Lately I’ve been adding some older bloggy-type stuff to 大黑狗. I started doing “something new every day” on axoplasm.com five years ago (when I didn’t yet know the word “blog”). Said New Things were usually designerly or photographerly, not writerly, so don’t lend themselves well to the blogspot format. Some of the artisterly stuff is going back up on axoplasm.com (in China it’s mirrored at speakeasy.org/~axoplasm.)
A particular highlight is the abridged log of my 2002 bike ride down the Oregon coast. Start at Day 1 and work forward.
Blogspot is back up, however temporarily, in China. Go figure. At a certain point I came to regard government action as being like the weather: you can’t do anything about it, so no use wailing, gnashing teeth, rending clothes, etc.
Speaking of capricious government action: Xiamen enacted their new Dog Registration Law on Sunday, which we were fully expecting. What we weren’t expecting was the pronouncement that large dogs (taller than 40cm at the shoulder) would be prohibited. What this means for Bismarck’s status is unclear. A Chinese lawyer acquaintance told us they would likely only enforce this law for about 2 months. Any rate, Jenny is taking care of all of this, God bless her.
The registration process is, like all other Chinese bureaucratic action, hopelessly Byzantine and arbitrary. For example, despite being already, USDA-certified double vaccinated against rabies (we had him re-vaccinated last summer “just in case”), he needs to get another rabies vaccination. This is a bit like acquiring our residency permits, which required a full physical before leaving the States and then another within 30 days of arrival. The Chinese physical was a model of speed and efficiency (really!) but clearly a) unnecessary (sonograms? blood types? These things affect my residency how?) and b) locked away into a dank file somewhere never to be referenced again.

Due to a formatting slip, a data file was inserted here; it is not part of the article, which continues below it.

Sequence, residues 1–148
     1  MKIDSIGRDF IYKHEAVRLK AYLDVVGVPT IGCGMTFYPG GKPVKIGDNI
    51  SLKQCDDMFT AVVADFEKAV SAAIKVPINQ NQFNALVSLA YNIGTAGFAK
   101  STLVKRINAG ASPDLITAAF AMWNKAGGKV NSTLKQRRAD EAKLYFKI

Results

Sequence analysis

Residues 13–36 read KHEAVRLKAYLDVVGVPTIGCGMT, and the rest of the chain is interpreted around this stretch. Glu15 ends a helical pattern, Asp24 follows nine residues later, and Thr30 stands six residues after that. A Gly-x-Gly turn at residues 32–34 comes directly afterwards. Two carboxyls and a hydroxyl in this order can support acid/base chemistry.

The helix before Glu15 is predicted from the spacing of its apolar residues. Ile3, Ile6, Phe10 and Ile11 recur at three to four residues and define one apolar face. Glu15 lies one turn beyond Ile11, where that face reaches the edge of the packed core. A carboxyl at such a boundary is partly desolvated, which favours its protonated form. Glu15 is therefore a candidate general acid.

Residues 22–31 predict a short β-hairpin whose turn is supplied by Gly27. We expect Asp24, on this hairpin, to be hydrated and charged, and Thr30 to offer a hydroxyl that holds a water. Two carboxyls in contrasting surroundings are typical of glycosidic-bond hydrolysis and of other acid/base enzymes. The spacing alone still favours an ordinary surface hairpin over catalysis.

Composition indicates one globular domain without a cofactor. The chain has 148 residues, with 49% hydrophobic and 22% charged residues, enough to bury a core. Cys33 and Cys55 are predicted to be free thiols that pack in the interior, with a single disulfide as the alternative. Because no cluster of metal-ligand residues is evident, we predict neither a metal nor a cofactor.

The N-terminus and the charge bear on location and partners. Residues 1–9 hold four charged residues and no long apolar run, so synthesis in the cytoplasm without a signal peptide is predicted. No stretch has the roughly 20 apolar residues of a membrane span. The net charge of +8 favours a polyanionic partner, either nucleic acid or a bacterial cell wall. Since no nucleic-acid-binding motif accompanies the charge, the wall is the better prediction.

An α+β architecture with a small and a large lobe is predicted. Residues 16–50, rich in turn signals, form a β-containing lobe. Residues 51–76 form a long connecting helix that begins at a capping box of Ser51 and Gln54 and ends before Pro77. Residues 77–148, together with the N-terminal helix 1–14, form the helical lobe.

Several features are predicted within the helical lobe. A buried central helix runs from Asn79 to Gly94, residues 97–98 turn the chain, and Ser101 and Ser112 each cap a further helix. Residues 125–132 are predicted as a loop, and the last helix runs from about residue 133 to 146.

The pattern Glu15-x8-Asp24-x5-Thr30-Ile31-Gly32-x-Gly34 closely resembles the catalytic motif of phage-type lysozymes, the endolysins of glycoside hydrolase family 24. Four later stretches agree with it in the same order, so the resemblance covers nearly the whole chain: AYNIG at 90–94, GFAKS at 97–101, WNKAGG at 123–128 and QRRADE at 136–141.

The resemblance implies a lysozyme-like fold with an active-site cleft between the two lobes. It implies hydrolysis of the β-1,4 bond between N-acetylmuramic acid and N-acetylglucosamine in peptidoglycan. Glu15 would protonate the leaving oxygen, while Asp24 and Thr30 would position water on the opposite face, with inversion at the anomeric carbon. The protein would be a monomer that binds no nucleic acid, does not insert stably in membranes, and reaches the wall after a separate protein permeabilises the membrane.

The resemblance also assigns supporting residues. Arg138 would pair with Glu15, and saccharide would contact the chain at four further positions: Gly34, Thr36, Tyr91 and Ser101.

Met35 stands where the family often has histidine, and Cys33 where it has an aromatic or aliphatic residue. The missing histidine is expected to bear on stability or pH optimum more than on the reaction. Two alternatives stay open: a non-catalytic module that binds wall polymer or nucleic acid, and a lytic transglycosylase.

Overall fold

Another example: there’s a list of prohibited dog breeds that includes cocker spaniels, bassett hounds, and weimareiners, but not pit bulls or rottweilers. (Jenny and Jorge were discoursing on how random and unfair this dog law is, and I retorted that it’s random and unfair that it should rain on the Fourth of July, but it happens doesn’t it?) Jenny was pressed to provide a breed (apparently “mixed” was not an option), so he is now officially a “Portland Labrador Retriever.” I like the geographic redundancy. He’s a Labrador by way of Portland, just like I’m a Nebraskan by way of Oregon. Or a German/Frenchman by way of America. Also we have to provide (I swear I’m not making this up) passport photos of him. They’re big on passport photos here. To renew our residency permits for 2008 we had to provide 10 each of ourselves.
As I said, it’s like the weather.
Contrast with the regulations for bringing a dog into the US:
- Your dog must be vaccinated against rabies.
I like to consider myself to be of a libertarian ideological bent, but American bureaucracy has nothing on the way they do bizness here.
By the way, I think Xiamen was long overdue for a dog law. Snark aside, I think the city government really does have the interests of public safety in mind, they just lack a good template for how to carry out those interests. As I’ve said before: China is changing so quickly that they really are literally making this up as they go along.
I’m playing hookey from work due to a cold, so the last para in the previous post (re: Working Here) — which I penned this weekend — seems particularly poignant.